Risk factors for Type 2 Diabetes Mellitus : Metabolic Syndrome, Insulin Resistance and Primary Prevention
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AbstractAims: The purpose of the study was to identify the extent of metabolic syndrome on the basis of ATP III and IDF definition in subjects aged 25 years and above from an urban population of Karachi. Also to see the association of risk factors related to diabetes and metabolic syndrome in this population. And finally to prove the hypothesis of intervention effect on the onset of type 2 diabetes in a high risk urban population and evaluate the rate of conversion of IGT to diabetes by these interventions in this population. Methods: The epidemiological survey was designed to see the prevalence of metabolic syndrome and its risk factors among 500 randomly selected households in Lyari, an urban area within Karachi city in 2004 . We generated a computerized random sample of the households from among the 85,520 households in Lyari Town. There were 11 union councils in Lyari Town where the samples were taken and each union council had equal opportunity to be represented in the sample selection. We expected approximately 1000 adult men and women 25 years and above in the households selected in Lyari Town. If members of a household that had been selected refused to consent to household interviews, we knocked on the third door to the right of that house and seeked consent there. Out of the 85,520 households, 532 households were randomly selected and 867 adults 25 years old consented to take part in the survey; 363 of these subjects gave blood samples. The second study was a primary prevention trial which was started in the city of Karachi in 2006. It was a prospective randomized clinical trial (RCT) to assess the effect of intervention for 18 months on high risk subjects. Nearly 2000 suspected high risk cases identified by a questionnaire were to be invited to participate. Considering 30% IGT cases in high risk individuals around 600 were expected to have IGT based on OGTT. The IGT cases were then randomly allocated on three different arms, two preventive groups and one control group, all with 200 participants (one of the preventive arms included metformin 500mg twice daily). An estimated 5000 people attended the diabetes prevention lectures and visited the screening camps and around 2300 people filled in the high risk questionnaire only 1825 were identified as high risk. Of these 1739 high risk subjects undertook a standardized oral glucose tolerance test (OGTT) and 317 subjects were identified as having impaired glucose tolerance (IGT group) and were randomized into the three groups. Results: The prevalence of diabetes was 9.4%, whereas 5.6% had impaired fasting glucose (abnormal glucose tolerance 15%). The prevalence of metabolic syndrome according to the IDF definition and modified ATP III criteria was 34.8% and 49%, respectively. Inclusion of modified waist circumference and specific body mass index (BMI) cut offs for Asians might have helped in this increased prevalence of the metabolic syndrome. Dietary data about specific food items was available for 867 adults. Participants also completed a health and lifestyle questionnaire and 363 subjects provided fasting blood samples for glucose and lipids. Dietary intake was assessed by a questionnaire to identify consumption of 33 specific food items and the dietary patterns categorized into 6 food groups was assessed by cluster analysis. Five dietary patterns were identified through cluster analysis. Cluster 1 had the lowest proportion of persons with metabolic syndrome i.e. 42.7% while cluster 2 had the highest percentage of metabolic syndrome subjects (56.3%) (p=0.09). Consumption of fat and calorie dense foods was significantly higher among highest risk group (cluster 2) compared to lowest risk group (cluster 1) (p = 0.0001). The consumption of food groups containing fruit, milk and meat was also more than twice in high risk compared to low risk group (p = 0.0001). Even within the same population there are marked differences in dietary patterns and these apparently contribute to the risk of developing metabolic syndrome. Insulin Resistance (IR) was defined at 75th percentile cut off of insulin levels (9.25 U/mL) and HOMA-IR (1.82). The 25th percentile cut off was used for defining IR in QUICKI (0.347) and McAuley Index (6.77). In the second study which was the primary prevention trial 273 subjects out of 317 subjects completed the study giving a compliance rate of 86%. A total of 47 incident cases of diabetes were diagnosed during the study. The overall incidence of diabetes was 4 cases per 1000 person-months with the incidence of diabetes as 8.6 cases in the control group, 2.5 cases in the Life Style Modification (LSM) group and 2.3 cases per 1000 person-months in the LSM+drug group. Conclusion: In the first study we observed high prevalence of metabolic syndrome irrespective of the definition applied in this urban population. This may call for immediate action such as preventive measures to halt the accelerating risk of diabetes and CVD which is leading to a possible unparalleled rise in the cost of health care and human suffering. To initiate a preventive program we need to make dietary changes within the population and we found marked differences in dietary patterns which were apparently contribute to the risk of developing metabolic syndrome in the same population. Dietary pattern studies will help elucidate links between diet and disease and contribute to developing healthy eating guidelines. A common approach towards managing subjects with metabolic risk factors which could help physicians would be able to identify IR cases earlier and defining IR reference values identified from simple indirect methods would be of value in such cases. However larger population based studies are needed to further define and validate the cutoff values defined for insulin resistance in our population. The primary prevention study was initiated after we had some baseline information from our first epidemiological study and it showed that lifestyle intervention had a major impact in preventing diabetes among IGT subjects in this region. However, addition of drug in the intervention did not show any improved results. Resource constrain societies are challenged with the additional burden of diabetes cost on their already ailing economy and such lifestyle intervention approach would be of benefit in such communities. Therefore, we recommend that lifestyle modification advice and follow-up should be incorporated in primary health care.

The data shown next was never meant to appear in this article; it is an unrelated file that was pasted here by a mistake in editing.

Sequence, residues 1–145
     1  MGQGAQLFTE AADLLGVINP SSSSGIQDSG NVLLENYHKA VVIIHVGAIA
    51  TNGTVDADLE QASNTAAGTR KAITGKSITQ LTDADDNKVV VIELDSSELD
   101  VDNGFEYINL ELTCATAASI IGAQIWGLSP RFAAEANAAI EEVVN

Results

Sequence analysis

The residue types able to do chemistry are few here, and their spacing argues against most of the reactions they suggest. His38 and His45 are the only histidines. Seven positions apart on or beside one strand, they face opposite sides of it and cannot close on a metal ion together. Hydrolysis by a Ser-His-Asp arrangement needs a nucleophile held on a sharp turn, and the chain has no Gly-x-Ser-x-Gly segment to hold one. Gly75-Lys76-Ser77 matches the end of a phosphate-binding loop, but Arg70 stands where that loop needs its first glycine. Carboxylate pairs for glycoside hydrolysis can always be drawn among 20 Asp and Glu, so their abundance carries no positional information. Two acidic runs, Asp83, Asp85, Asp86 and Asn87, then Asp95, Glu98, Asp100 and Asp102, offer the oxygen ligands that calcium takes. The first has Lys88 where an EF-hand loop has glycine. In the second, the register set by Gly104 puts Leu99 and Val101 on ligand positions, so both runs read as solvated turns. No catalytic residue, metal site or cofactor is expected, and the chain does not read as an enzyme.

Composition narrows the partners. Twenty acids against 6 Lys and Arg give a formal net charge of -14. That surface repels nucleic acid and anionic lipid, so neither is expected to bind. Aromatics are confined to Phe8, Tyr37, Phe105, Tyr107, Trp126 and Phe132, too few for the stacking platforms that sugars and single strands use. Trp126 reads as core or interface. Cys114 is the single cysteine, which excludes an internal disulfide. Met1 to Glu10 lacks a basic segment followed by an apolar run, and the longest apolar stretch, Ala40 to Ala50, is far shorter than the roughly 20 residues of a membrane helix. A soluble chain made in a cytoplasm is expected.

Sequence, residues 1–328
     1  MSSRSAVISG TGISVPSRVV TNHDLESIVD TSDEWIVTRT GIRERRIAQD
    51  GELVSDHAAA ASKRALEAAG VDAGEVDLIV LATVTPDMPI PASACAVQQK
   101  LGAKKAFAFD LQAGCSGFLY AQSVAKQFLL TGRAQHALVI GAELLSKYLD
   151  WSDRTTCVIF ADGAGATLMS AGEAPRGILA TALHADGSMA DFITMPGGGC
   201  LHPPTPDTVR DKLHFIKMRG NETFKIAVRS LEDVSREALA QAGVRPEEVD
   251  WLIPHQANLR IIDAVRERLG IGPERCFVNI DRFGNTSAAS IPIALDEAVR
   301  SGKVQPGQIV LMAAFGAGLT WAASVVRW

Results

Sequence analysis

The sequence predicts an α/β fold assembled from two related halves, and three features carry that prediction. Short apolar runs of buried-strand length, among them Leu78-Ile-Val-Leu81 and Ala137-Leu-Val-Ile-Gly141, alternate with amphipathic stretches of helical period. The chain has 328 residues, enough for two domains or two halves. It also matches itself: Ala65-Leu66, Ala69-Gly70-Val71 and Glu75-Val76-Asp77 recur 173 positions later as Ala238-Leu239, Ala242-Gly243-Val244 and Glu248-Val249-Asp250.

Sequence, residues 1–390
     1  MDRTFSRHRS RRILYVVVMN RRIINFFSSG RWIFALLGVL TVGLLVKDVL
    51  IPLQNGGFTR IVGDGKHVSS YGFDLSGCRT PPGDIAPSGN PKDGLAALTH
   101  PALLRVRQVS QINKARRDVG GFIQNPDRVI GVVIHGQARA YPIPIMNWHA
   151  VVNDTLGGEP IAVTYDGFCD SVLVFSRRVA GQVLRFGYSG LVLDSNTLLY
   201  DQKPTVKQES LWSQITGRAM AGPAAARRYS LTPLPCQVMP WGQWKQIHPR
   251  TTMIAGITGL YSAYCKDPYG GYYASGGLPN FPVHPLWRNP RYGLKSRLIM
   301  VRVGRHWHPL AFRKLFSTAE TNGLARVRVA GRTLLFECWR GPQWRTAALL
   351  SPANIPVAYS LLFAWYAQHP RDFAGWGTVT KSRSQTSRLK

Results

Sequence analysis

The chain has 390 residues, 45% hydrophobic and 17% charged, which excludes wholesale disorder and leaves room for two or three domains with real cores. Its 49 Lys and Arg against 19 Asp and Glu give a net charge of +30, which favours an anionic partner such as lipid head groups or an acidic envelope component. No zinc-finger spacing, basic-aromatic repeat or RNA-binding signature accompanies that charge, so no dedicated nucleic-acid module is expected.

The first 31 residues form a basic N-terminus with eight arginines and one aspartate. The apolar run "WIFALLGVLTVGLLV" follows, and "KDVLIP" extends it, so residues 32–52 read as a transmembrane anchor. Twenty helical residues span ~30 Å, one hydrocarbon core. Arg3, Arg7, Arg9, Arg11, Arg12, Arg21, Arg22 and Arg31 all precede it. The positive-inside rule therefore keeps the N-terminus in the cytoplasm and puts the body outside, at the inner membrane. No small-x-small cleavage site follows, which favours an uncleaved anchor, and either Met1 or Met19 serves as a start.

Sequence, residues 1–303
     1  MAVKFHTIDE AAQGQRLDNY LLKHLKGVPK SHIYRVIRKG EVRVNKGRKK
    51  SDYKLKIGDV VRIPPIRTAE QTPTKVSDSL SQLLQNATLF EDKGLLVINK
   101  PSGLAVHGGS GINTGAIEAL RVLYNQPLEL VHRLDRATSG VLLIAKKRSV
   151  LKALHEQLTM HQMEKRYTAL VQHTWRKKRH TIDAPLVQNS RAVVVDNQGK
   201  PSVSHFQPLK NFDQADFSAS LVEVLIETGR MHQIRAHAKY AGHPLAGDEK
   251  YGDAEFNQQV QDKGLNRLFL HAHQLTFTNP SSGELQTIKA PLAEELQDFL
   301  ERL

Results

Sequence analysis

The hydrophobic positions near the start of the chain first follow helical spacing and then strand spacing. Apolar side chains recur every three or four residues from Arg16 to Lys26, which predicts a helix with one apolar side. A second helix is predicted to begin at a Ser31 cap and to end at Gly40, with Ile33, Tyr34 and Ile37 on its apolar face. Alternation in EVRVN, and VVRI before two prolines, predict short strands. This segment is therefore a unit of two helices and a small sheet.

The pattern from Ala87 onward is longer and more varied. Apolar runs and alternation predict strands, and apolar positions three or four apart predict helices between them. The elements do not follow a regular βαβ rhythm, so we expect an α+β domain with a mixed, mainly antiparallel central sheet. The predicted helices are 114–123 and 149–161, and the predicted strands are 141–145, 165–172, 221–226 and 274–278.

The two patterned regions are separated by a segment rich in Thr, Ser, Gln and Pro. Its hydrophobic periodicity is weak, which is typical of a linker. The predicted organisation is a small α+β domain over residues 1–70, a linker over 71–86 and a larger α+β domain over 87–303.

List of papers
|Paper 1: Hydrie MZ, Shera AS, Fawwad A, Basit A, Hussain A. Prevalence of Metabolic Syndrome in Urban Pakistan (Karachi): Comparison of Newly Proposed International Diabetes Federation and Modified Adult Treatment Panel III Criteria. Metab Syndr Relat Disord. 2009 Apr;7(2):119-24. Copyright Mary Ann Liebert, Inc. The published version of this paper is available at: https://doi.org/10.1089/met.2008.0055|
|Paper 2: Hydrie MZ, Basit A, Shera AS, Hakeem R, Hussain A. Dietary Patterns Associated with Risk for Metabolic Syndrome in Urban Community of Karachi Defined by Cluster Analysis. Pakistan Journal of Nutrition 9 (1): 93-99, 2010. ISSN 1680-5194.|
|Paper 3: Hydrie MZ, Basit A, Fawwad A, Ahmedani MY, Shera AS, Hussain A. Detecting Insulin Resistance in Pakistani Subjects by Fasting Blood Samples. The Open Diabetes Journal, 2012, 5, 20-24. The published version of this paper is available at: https://doi.org/10.2174/1876524601205010020|
|Paper 4: Hydrie MZ, Basit A, Shera AS, Hussain A. Effect of intervention in subjects with high risk of Diabetes Mellitus in Pakistan. Journal of Nutrition and Metabolism Volume 2012 (2012), Article ID 867604, 7 pages. Published under a Creative Commons Attribution License. The published version of this paper is available at: https://doi.org/10.1155/2012/867604|